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-   -   What does this mean on a prop? (http://www.cruisersforum.com/forums/f114/what-does-this-mean-on-a-prop-79559.html)

clayzone 03-04-2012 07:24

What does this mean on a prop?
 
This is stamped on my props -RADICE ER20 X OR21 X 0S60C. I assume that means the brand is Radice, the diameter is 20" and the pitch is 21". I don't know what the 0S60C means. Are my assumptions correct? Also does any of that information indicate whether they are on a metric or SAE shaft?

anjou 03-04-2012 07:37

Re: What does this mean on a prop?
 
Thats a course pitch if its 21.

Cavalier 03-04-2012 07:55

Re: What does this mean on a prop?
 
Quote:

Originally Posted by clayzone (Post 922742)
This is stamped on my props -RADICE ER20 X OR21 X 0S60C. I assume that means the brand is Radice, the diameter is 20" and the pitch is 21". I don't know what the 0S60C means. Are my assumptions correct? Also does any of that information indicate whether they are on a metric or SAE shaft?

So the ER20 is the model type and diameter, the OR21 is the pitch and the OS60C is the material type which the italian manufacturers will refer to as "Bronze Aluminium" - it should be on a metric shaft.

However, you'll be best double-checking this with a technical sales representative at ElicheRadice:

serena@elicheradice.com

You'll find more information on their products here: Eliche Radice - www.elicheradice.com - Eliche

..and if your Italian is good then you can give them a call.

Good luck!

Phil

clayzone 03-04-2012 08:55

Re: What does this mean on a prop?
 
Phil, I had looked at the website but still find any info that would explain the code. Thanks for your help.

Cheechako 03-04-2012 09:25

Re: What does this mean on a prop?
 
Boy, that is a course pitch.... planing powerboat?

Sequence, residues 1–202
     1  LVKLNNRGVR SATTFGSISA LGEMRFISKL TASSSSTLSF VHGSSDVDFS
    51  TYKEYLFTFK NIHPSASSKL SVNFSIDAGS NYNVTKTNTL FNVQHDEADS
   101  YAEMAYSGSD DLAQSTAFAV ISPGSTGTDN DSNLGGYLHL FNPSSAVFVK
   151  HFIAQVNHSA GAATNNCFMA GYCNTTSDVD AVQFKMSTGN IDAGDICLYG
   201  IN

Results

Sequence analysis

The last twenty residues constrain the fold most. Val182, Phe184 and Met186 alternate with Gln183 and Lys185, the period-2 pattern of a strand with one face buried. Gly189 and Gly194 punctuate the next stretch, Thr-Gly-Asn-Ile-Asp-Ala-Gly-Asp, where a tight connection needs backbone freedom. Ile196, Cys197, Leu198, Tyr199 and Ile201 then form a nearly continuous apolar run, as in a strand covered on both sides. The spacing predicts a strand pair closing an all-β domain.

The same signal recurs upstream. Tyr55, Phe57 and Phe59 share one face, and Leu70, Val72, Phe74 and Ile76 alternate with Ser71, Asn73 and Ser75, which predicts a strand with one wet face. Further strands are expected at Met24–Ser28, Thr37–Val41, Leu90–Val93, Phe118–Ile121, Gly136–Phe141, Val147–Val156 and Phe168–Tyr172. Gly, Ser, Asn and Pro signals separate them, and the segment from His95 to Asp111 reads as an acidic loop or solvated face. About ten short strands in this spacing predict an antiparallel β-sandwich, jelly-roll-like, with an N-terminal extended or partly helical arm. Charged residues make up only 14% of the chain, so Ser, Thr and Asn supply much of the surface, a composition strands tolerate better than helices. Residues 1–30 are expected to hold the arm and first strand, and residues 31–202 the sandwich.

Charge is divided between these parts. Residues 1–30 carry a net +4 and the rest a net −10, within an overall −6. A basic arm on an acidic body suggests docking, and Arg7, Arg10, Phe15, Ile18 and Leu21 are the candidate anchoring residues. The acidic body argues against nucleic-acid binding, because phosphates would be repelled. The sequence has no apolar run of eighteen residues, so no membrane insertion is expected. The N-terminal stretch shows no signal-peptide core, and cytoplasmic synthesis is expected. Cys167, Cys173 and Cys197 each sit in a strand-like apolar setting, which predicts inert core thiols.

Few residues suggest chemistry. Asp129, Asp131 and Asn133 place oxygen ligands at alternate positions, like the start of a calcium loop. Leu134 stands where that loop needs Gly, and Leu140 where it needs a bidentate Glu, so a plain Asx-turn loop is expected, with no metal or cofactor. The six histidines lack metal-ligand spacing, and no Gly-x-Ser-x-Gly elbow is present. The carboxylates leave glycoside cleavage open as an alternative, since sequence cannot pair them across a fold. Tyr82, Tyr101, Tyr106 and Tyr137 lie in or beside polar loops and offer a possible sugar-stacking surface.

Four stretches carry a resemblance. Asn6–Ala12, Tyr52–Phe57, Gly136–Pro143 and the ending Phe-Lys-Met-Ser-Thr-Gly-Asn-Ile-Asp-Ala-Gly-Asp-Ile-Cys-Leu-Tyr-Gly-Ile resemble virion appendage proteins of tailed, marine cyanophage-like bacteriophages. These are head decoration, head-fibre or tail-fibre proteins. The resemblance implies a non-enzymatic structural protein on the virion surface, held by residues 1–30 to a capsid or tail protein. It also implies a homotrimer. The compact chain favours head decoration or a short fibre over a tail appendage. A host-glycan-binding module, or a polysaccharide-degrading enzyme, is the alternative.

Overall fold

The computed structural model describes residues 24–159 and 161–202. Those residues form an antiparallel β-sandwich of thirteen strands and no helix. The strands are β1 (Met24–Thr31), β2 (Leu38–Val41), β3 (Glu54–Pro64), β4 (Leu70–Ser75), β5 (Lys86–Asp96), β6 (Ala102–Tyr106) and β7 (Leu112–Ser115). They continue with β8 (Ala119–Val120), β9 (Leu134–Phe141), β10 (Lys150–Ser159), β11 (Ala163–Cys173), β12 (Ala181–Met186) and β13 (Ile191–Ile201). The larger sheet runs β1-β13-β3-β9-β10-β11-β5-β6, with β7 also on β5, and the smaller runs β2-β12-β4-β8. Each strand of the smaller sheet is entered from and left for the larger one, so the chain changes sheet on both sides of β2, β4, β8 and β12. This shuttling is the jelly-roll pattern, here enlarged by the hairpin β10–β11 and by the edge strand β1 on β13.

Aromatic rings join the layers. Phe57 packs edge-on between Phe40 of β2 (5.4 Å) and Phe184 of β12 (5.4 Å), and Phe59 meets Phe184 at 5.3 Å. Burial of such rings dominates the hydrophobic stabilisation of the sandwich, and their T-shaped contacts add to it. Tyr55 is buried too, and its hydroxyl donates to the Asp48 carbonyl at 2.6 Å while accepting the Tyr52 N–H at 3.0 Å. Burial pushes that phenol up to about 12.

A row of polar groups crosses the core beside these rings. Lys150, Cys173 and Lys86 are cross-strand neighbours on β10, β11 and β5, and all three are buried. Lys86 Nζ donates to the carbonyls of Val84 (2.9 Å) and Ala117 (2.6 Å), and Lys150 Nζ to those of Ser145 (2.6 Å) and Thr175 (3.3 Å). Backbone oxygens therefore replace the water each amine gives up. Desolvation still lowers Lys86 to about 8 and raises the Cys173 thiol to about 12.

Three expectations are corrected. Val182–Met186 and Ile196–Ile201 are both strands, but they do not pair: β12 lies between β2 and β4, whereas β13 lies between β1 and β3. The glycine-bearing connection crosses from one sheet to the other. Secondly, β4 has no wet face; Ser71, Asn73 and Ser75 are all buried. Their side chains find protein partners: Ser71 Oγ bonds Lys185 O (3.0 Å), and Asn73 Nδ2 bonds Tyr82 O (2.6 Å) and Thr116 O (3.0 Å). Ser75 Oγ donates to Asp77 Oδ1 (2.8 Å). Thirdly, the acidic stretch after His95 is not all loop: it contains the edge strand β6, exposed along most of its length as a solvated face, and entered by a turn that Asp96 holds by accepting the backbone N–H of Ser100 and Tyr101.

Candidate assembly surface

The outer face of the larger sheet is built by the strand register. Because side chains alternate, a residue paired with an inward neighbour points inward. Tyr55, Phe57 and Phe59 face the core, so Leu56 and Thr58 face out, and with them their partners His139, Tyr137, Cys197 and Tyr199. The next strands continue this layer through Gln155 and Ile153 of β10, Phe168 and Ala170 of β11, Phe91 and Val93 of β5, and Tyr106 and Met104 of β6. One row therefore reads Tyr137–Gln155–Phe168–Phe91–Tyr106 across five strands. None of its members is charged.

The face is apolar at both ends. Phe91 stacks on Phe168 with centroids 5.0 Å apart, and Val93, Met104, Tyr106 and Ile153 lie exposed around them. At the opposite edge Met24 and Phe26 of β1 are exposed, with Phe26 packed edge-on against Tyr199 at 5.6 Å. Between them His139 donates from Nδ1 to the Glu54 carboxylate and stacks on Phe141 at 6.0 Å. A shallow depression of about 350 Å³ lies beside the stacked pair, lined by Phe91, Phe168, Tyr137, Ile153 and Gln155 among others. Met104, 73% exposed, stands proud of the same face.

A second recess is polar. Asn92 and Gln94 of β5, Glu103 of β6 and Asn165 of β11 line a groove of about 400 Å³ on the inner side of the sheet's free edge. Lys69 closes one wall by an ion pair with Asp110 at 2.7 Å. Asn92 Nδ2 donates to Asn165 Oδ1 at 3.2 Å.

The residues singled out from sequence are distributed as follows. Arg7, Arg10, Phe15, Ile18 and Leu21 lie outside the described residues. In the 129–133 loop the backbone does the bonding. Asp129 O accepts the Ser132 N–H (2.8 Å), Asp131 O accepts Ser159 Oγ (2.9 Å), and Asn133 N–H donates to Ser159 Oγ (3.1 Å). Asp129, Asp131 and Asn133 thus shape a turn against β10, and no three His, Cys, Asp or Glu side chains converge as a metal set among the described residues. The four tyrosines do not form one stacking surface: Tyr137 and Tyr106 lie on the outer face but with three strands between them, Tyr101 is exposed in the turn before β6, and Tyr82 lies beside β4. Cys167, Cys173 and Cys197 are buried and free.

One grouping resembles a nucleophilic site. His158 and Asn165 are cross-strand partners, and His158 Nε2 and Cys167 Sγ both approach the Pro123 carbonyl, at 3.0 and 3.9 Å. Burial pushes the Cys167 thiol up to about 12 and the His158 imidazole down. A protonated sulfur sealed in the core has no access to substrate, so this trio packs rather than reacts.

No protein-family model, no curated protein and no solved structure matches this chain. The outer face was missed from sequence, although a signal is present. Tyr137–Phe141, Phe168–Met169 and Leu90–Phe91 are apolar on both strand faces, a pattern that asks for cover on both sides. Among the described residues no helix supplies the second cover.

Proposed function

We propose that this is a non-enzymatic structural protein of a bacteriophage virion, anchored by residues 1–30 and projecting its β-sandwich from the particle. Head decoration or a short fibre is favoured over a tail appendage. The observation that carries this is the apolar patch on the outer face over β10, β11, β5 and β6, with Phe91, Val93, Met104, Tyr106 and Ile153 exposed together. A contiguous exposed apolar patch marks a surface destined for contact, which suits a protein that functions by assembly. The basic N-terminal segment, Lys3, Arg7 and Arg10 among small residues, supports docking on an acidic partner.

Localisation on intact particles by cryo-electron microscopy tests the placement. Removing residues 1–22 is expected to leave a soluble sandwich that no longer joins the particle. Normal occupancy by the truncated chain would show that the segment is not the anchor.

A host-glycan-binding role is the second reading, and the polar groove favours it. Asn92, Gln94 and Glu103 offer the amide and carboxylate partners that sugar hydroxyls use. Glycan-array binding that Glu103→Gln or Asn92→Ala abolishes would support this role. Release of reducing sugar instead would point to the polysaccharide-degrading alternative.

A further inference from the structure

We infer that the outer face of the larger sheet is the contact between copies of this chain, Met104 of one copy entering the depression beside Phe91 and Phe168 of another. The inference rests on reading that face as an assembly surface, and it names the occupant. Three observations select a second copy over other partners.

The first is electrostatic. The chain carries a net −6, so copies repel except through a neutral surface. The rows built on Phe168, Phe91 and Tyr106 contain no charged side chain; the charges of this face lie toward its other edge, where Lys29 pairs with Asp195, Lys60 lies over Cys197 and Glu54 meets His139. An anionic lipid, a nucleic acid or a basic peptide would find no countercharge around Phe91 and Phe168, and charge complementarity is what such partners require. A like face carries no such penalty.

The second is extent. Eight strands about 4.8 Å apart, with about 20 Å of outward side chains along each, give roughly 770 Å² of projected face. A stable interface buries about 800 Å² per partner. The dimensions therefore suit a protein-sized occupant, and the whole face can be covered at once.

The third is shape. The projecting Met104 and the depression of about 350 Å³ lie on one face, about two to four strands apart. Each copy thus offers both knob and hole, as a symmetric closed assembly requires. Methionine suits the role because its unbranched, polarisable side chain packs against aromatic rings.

clayzone 03-04-2012 11:04

Re: What does this mean on a prop?
 
1 Attachment(s)
I am not sure what "course pitch" refers to. These props are on a power cat, Maryland 37, with twin 160 hp Yanmar engines. At sea trial the cat exceeded its rated max RPM at WOT. Plus the speed was significantly less that what I have read it should be. So I want to change props. Based on what I have now I think the props should be 22x21. I have not seen the props yet but people that have (surveyor) said they have weird cupping, whatever that means.

Cheechako 03-04-2012 11:12

Re: What does this mean on a prop?
 
wow, those are strange looking! If you go bigger diameter you may not have enough hull clearance which can cause "thrumming" noise as well as turbulance...etc. I think the rule is 15-20% of dia for clearance....? With that strange prop shape... maybe just a more conventional prop at same dia and pitch will make a differnce...? It would be nice to find some other owners and see what they are using... can you get the new prop supplier to guarantee to "get it right" or change them out?

GordMay 03-04-2012 13:06

Re: What does this mean on a prop?
 
Hereís their Displacement Catamaran Propí Spec Sheet:
http://www.elicheradice.com/linea58/...0%28ENG%29.pdf

Or, you might ask:
Eliche Radice S.p.A.
Via Valtellina, 45
20092 Cinisello Balsamo - Milano - Italia
Tel: +39 (02) 66.04.93.48 - Fax: +39 (02) 61.27.688
Eliche Radice - www.elicheradice.com - Contatti

deckofficer 05-04-2012 22:43

Re: What does this mean on a prop?
 
If I'm not mistaken, most of those parameters are used to help develop a figure for slip. While a large container ship might only see 5% at the 113 rpm shaft speed, we in sailboats if spinning the screw in a direct configuration would expect to see 8%~18% slip, and all other calculations are straight forward if I remember my old classes. prop pitch X RPM = inches per minute of speed / 12 = feet per minute X 60 = feet per hour / 6082 feet = nm/hr. So assume you are direct drive spinning a 21" pitch prop at 2000 rpm. 21" X 2000 rpm = 42000" per minute / 12 = 3500' per minute X 60 = 210000' per hour / 6082 = 35.4 kt X .82 slip = 28.3 kt That seems fast for the rpm, maybe there is more slip than my range of 8%~18%.

Do you get 28 kt at 2000 rpm? Seems fast. Are you using a gear reduction? If so, what is the ratio?

I hope I still remembered how to do this, if not I know David M knows.

I think the last container ship I was on had a 21' pitch and at full ahead sea speed was turning at 113 rpm. 21' X 113 = 2373 X 60 = 142380 / 6082 = 23.4 kt X .96 = 22.4 kt, it was a fast ship.


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